The Asia-Pacific Journal: Japan Focus
What Was the Cold War? Imagined Reality, Ordinary People’s War, and Social Mechanism
What was the Cold War? Cold War Crucible: The Korean Conflict and the Postwar World (Harvard University Press, 2015) is an inquiry into the very nature and meanings of the conflict. It traces the Cold War’s metamorphosis during the Korean War from a diplomatic stand-off among policymakers to an ordinary people’s war at home through examining not only centers of policymaking, but seeming aftereffects of Cold War politics during the Korean War: The Red Purge in Japan, the White Terror in Taiwan, Suppression of counterrevolutionaries in China, the crackdown on “un-Filipino” activities in the Philippines, and McCarthyism in the United States. Why did such similar patterns of domestic repression occur simultaneously around the world? Were there any similarities among these repressions? What would happen if we were to remove the Cold War lens? What were the implications of such a worldwide phenomenon?
While these events have usually been examined separately and are commonly considered aftereffects of the global Cold War, the book re-defines these events as parts of a global phenomenon of nativist backlashes—a sort of social conservative suppression—that operated to silence various local conflicts that surfaced in the aftermath of World War II. It shows how ordinary people throughout the world strove to silence disagreements and restore social order under the mantle of the global confrontation, revealing that the actual divides of the Cold War existed not necessarily between the Eastern and Western blocs but within each society, with each, in turn, requiring the perpetuation of such an imagined reality to maintain order and harmony at home. Exploring such social functions and popular participation, Cold War Crucible suggests that the Cold War was more than an international and geopolitical confrontation between the Western and Eastern blocs. It was also a social mechanism for purity and order, which functioned in many parts of the world to tranquilize chaotic postwar and postcolonial situations through containing a multitude of social conflicts and culture wars at home. This article draws on and extends parts of Chapter 8 and 9 concerning Japan’s Red Purge and China’s Suppression of counterrevolutionaries.
Reconsidering the Red Purge in Japan
At 3 p.m. on July 28, 1950, thirty-one workers at Mainichi Shinbun in Tokyo were called to their bosses’ offices, most of them individually, and told that they were fired, on the spot. The only reason that they were given was that the news media had an important responsibility in driving out communists and communist sympathizers from the company. Similar notifications were conveyed simultaneously at other major newspapers, such as Asahi Shinbun and Yomiuri Shinbun. This was the beginning of the waves of mass dismissals, conducted first through General Douglas MacArthur’s directive to remove communists from the newspaper industry. Based on this directive, fifty newspaper companies nationwide unilaterally notified a total of 704 employees that they were being terminated. These ranged from major newspapers like Asahi Shinbun (104 dismissed out of 5,200 staff), Mainichi Shinbun (49 of 5,000), and Yomiuri Shinbun (34 of 2,200) to small local newspapers such as Nihonkai Shinbun (9 of 90) in Tottori, as well as Shinyo Shinbun (1 of 50) in Matsumoto.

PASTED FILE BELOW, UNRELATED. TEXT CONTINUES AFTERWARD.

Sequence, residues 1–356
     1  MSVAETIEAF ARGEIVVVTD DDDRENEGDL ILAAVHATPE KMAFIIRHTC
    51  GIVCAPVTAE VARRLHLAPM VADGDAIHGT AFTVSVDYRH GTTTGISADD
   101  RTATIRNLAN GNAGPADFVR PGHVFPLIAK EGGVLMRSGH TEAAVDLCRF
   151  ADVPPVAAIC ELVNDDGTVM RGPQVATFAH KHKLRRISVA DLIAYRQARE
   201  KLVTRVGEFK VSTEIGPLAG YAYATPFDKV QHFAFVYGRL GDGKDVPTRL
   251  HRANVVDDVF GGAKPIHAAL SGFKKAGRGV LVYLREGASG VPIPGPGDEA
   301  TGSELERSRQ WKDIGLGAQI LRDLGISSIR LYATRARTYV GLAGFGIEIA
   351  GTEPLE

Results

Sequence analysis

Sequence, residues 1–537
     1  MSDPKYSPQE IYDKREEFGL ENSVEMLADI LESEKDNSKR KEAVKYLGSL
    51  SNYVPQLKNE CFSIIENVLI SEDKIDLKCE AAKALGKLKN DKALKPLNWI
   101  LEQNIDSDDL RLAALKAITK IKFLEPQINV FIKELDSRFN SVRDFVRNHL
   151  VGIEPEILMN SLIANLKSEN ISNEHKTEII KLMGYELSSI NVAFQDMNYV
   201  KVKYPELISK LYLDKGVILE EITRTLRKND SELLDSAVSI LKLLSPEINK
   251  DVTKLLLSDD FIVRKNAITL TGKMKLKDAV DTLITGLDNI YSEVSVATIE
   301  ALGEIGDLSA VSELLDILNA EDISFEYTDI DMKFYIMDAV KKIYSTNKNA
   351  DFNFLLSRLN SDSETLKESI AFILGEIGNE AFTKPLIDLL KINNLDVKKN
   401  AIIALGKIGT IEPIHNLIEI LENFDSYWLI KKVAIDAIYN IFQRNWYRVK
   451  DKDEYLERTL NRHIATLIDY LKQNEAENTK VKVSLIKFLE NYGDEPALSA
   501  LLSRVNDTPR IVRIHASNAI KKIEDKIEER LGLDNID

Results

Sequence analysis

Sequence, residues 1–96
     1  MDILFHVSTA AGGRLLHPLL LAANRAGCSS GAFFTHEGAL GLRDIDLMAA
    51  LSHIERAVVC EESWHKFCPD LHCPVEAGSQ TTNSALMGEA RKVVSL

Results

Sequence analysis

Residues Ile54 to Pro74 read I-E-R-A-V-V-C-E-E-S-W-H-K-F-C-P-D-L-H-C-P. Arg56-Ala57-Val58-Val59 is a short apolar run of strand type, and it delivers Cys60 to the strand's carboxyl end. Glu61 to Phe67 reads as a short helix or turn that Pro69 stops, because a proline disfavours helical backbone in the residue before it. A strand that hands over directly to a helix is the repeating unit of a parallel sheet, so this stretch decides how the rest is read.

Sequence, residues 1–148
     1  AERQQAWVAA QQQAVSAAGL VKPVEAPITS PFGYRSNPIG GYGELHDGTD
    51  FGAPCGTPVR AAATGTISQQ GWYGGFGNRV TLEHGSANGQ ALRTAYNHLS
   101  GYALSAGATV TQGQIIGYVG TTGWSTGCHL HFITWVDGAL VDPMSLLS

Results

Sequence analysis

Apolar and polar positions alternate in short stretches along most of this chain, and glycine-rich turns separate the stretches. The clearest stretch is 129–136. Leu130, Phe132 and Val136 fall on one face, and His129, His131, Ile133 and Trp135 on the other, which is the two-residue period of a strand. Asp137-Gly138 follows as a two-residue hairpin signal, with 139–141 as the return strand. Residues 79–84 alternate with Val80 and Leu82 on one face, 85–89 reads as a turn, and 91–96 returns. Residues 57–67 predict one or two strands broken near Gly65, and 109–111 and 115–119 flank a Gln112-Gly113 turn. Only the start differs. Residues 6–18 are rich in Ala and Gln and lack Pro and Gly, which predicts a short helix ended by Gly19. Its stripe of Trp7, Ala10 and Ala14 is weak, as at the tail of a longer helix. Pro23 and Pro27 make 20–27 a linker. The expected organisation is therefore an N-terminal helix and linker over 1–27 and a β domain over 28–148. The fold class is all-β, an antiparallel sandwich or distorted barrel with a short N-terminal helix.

This wave of mass dismissals in the newspaper industry then spread to other companies on a much larger scale. In the fall of 1950, roughly 13,000 people were fired from industries including coal, steel, shipbuilding, chemistry, railways, and mining—a phenomenon commonly known in Japan as the “Red Purge.” As the name suggests, these waves of mass dismissals have conventionally been viewed through a Cold War lens. The traditional understanding is that this was a purge of communists, conducted primarily under orders from the U.S. occupation forces. Under such a presumption, there has not been much discussion of who actually planned and conducted this so-called Red Purge. In the existing literature, the answer has almost been taken for granted.4 It was the Americans. It was the GHQ and Washington. Their reason for the Red Purge was, it is commonly argued, to make Japan a fortress against the threat of Soviet expansion in East Asia. By the same token, not much attention has been paid to who the actual victims were; that they were communists and communist sympathizers or innocent victims dismissed due to false charges has also been taken for granted. In short, the Red Purge has been commonly understood as an aftereffect of the Cold War—an inevitable result of the global confrontation.
However, this grand narrative has prevented us from inquiring further into the meaning of the Red Purge and the Cold War. Once we raise questions about the Cold War framework itself, the mass firings of 1950 seem more than just a Red Purge. Rather, they look more like part of a global phenomenon of domestic purges that raged in many places during the Korean War.
Full version (online): http://apjjf.org/2017/04/Masuda.html
Full version (PDF): http://apjjf.org/-Hajimu-Masuda/5012/article.pdf